Whether you’ve created your own side hustle or are working a part-time job on the weekends, it can be tempting to boost your take-home pay with a second source of income. While it can be a great way to give yourself a pay rise of sorts, it’s worth looking into the tax implications of a second job to ensure it’s worth your time. Let’s take a look at what a second job means in Australia.
Do I have to pay tax on my second job?
The short answer is yes. However, there are a number of factors to consider in order to determine how much tax you are obligated to pay.
If you’re an employee, your employer is required to withhold tax on your behalf. If you’re an Australian resident, the first $18,200 you earn is tax free, as part of the tax-free threshold. If you earn additional income, such as a second job, your new employer will be required to withhold tax at the higher rate, without the tax-free threshold.
On the other hand, if you’re an employee and chose to start your own business as a side hustle, you may be considered a sole trader. According to the Australian Taxation Office, the tax rates for sole traders are the same as individual taxpayers. This means the $18,200 tax-free threshold is available for both sole traders and individuals. However, as stated above, you cannot claim this threshold twice – only once.
How do I work out the tax for my second job?
The Australian Taxation Office will look at your total taxable income for the financial year, which means the income from both of your jobs will be added together. To avoid getting a rude shock come tax time, it’s definitely worth setting aside money regularly to cover your tax bill, if you decide to get a second job.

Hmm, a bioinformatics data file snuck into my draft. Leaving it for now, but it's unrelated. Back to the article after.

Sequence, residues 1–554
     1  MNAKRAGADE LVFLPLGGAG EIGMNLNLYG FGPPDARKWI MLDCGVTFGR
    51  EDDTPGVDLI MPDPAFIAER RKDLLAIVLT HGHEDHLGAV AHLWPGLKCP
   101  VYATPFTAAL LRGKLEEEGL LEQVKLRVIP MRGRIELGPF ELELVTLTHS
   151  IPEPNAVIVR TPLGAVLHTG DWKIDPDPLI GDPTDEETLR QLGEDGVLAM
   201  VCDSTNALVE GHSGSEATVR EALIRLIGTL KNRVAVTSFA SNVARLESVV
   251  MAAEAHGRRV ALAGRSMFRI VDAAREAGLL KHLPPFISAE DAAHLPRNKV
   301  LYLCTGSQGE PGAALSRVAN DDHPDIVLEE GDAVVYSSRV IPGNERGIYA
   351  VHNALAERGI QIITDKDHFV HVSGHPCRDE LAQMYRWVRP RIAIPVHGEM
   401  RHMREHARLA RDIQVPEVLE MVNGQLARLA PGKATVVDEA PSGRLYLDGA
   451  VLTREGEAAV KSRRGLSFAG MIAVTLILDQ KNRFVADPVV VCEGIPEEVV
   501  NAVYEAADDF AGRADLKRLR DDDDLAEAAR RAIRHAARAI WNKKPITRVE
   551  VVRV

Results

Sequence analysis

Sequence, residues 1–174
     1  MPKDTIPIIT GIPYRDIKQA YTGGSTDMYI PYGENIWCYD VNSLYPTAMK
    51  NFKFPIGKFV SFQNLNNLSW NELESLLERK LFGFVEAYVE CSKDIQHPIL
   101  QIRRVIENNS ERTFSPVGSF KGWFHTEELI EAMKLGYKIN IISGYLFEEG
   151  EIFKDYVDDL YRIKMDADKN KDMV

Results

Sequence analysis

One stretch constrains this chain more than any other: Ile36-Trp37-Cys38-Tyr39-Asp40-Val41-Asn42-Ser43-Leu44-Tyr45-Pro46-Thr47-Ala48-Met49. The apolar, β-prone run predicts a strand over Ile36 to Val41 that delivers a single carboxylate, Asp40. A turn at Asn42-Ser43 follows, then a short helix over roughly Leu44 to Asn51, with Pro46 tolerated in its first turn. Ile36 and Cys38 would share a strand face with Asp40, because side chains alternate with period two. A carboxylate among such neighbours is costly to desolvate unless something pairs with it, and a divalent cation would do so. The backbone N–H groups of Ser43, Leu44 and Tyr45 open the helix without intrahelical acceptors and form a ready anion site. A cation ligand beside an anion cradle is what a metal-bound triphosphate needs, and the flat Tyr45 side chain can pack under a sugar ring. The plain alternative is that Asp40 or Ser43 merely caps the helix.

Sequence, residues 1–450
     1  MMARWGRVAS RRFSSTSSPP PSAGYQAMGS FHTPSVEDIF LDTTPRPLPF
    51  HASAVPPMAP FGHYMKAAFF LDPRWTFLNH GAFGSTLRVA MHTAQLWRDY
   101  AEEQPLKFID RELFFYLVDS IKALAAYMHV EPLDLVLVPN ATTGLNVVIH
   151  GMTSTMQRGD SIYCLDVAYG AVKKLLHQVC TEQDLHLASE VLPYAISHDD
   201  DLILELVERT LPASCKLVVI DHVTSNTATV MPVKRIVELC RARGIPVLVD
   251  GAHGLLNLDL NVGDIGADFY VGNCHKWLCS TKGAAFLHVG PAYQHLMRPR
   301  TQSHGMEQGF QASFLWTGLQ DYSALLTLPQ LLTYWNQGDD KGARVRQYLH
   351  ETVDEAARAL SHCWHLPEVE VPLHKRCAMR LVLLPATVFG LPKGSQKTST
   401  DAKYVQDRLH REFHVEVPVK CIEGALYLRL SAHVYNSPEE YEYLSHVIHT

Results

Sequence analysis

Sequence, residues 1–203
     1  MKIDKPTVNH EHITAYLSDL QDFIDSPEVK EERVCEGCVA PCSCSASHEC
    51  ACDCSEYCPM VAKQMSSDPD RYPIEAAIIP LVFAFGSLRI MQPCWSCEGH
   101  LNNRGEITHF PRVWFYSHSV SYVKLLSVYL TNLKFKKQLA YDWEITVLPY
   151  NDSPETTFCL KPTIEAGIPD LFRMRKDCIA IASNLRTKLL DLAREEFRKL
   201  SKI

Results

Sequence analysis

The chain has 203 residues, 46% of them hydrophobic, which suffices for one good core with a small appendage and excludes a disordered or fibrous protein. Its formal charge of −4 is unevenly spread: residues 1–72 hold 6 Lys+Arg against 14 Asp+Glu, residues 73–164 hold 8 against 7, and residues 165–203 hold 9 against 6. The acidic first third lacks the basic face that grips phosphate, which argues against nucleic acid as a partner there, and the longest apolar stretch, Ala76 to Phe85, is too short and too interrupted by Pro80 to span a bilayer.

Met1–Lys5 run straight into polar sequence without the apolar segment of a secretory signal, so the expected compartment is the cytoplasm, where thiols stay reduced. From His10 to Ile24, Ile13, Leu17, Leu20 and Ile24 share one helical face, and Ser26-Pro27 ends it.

As discussed above, if you’re an employee for both jobs, this should be done automatically for you by your employer. Just remember to not tick the tax-free threshold on both jobs – only one.
On the other hand, if you’re doing a side gig as a freelancer or sole trader as your second job, you can use the tax brackets to determine how much money you should be setting aside each week or month. Just remember that your tax will be calculated from your total taxable income, including both jobs.
While you may be able to claim significant tax deductions as a sole trader, it’s best to not consider these when you’re setting aside your tax. That way, you might actually get a pleasant surprise come June 30 when your tax is calculated.
To ensure you’re paying the right tax, get an accountant onboard to help you through tax time.